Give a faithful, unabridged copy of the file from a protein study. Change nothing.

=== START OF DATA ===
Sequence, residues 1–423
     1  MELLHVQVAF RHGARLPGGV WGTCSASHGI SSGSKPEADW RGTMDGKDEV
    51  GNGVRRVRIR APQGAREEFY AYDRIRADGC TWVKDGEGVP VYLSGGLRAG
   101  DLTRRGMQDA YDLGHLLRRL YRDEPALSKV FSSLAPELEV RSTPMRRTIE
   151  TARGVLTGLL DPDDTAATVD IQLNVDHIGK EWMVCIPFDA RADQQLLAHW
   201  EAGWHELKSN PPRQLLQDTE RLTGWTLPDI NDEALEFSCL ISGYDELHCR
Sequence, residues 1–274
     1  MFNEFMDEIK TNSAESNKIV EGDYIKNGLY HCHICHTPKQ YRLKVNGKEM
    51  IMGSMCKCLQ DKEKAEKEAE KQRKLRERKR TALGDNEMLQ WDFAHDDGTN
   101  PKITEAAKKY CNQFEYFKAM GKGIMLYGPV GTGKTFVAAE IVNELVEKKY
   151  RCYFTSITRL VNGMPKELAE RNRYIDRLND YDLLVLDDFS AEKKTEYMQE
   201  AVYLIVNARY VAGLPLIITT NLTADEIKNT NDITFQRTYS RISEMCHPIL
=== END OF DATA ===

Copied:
Sequence, residues 1–423
     1  MELLHVQVAF RHGARLPGGV WGTCSASHGI SSGSKPEADW RGTMDGKDEV
    51  GNGVRRVRIR APQGAREEFY AYDRIRADGC TWVKDGEGVP VYLSGGLRAG
   101  DLTRRGMQDA YDLGHLLRRL YRDEPALSKV FSSLAPELEV RSTPMRRTIE
   151  TARGVLTGLL DPDDTAATVD IQLNVDHIGK EWMVCIPFDA RADQQLLAHW
   201  EAGWHELKSN PPRQLLQDTE RLTGWTLPDI NDEALEFSCL ISGYDELHCR
Sequence, residues 1–274
     1  MFNEFMDEIK TNSAESNKIV EGDYIKNGLY HCHICHTPKQ YRLKVNGKEM
    51  IMGSMCKCLQ DKEKAEKEAE KQRKLRERKR TALGDNEMLQ WDFAHDDGTN
   101  PKITEAAKKY CNQFEYFKAM GKGIMLYGPV GTGKTFVAAE IVNELVEKKY
   151  RCYFTSITRL VNGMPKELAE RNRYIDRLND YDLLVLDDFS AEKKTEYMQE
   201  AVYLIVNARY VAGLPLIITT NLTADEIKNT NDITFQRTYS RISEMCHPIL